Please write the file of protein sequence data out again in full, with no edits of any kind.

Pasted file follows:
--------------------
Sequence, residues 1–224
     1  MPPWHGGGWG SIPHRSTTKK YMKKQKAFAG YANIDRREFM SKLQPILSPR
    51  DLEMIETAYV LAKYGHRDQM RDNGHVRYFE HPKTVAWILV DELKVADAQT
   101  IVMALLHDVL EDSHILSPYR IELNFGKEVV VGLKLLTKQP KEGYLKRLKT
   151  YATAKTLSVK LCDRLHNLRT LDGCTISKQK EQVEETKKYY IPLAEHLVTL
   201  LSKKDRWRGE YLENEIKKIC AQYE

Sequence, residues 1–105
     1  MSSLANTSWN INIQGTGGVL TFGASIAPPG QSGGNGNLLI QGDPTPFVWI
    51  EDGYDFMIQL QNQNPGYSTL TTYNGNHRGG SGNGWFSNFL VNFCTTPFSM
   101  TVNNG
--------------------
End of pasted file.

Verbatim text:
Sequence, residues 1–224
     1  MPPWHGGGWG SIPHRSTTKK YMKKQKAFAG YANIDRREFM SKLQPILSPR
    51  DLEMIETAYV LAKYGHRDQM RDNGHVRYFE HPKTVAWILV DELKVADAQT
   101  IVMALLHDVL EDSHILSPYR IELNFGKEVV VGLKLLTKQP KEGYLKRLKT
   151  YATAKTLSVK LCDRLHNLRT LDGCTISKQK EQVEETKKYY IPLAEHLVTL
   201  LSKKDRWRGE YLENEIKKIC AQYE

Sequence, residues 1–105
     1  MSSLANTSWN INIQGTGGVL TFGASIAPPG QSGGNGNLLI QGDPTPFVWI
    51  EDGYDFMIQL QNQNPGYSTL TTYNGNHRGG SGNGWFSNFL VNFCTTPFSM
   101  TVNNG